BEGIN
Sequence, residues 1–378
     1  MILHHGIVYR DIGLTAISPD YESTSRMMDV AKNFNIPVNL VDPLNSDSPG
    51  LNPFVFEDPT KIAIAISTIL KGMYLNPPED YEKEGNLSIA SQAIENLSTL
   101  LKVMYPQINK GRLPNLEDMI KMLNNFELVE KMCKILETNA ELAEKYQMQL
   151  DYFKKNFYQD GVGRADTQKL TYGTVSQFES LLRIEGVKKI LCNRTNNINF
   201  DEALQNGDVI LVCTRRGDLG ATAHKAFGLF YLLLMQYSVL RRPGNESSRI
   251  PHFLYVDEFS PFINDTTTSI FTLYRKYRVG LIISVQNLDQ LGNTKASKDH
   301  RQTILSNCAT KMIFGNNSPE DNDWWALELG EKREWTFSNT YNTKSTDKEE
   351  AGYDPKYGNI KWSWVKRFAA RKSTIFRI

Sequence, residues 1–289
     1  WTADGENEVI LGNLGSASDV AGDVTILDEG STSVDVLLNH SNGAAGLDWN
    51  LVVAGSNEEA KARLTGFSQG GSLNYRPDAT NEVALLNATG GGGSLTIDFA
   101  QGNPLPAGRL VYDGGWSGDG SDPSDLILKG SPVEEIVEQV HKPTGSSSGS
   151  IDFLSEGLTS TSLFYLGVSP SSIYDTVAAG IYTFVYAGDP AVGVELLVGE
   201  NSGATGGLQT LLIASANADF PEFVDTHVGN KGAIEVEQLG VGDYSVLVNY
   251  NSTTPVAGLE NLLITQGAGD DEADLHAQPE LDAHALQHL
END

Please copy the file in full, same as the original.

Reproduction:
Sequence, residues 1–378
     1  MILHHGIVYR DIGLTAISPD YESTSRMMDV AKNFNIPVNL VDPLNSDSPG
    51  LNPFVFEDPT KIAIAISTIL KGMYLNPPED YEKEGNLSIA SQAIENLSTL
   101  LKVMYPQINK GRLPNLEDMI KMLNNFELVE KMCKILETNA ELAEKYQMQL
   151  DYFKKNFYQD GVGRADTQKL TYGTVSQFES LLRIEGVKKI LCNRTNNINF
   201  DEALQNGDVI LVCTRRGDLG ATAHKAFGLF YLLLMQYSVL RRPGNESSRI
   251  PHFLYVDEFS PFINDTTTSI FTLYRKYRVG LIISVQNLDQ LGNTKASKDH
   301  RQTILSNCAT KMIFGNNSPE DNDWWALELG EKREWTFSNT YNTKSTDKEE
   351  AGYDPKYGNI KWSWVKRFAA RKSTIFRI

Sequence, residues 1–289
     1  WTADGENEVI LGNLGSASDV AGDVTILDEG STSVDVLLNH SNGAAGLDWN
    51  LVVAGSNEEA KARLTGFSQG GSLNYRPDAT NEVALLNATG GGGSLTIDFA
   101  QGNPLPAGRL VYDGGWSGDG SDPSDLILKG SPVEEIVEQV HKPTGSSSGS
   151  IDFLSEGLTS TSLFYLGVSP SSIYDTVAAG IYTFVYAGDP AVGVELLVGE
   201  NSGATGGLQT LLIASANADF PEFVDTHVGN KGAIEVEQLG VGDYSVLVNY
   251  NSTTPVAGLE NLLITQGAGD DEADLHAQPE LDAHALQHL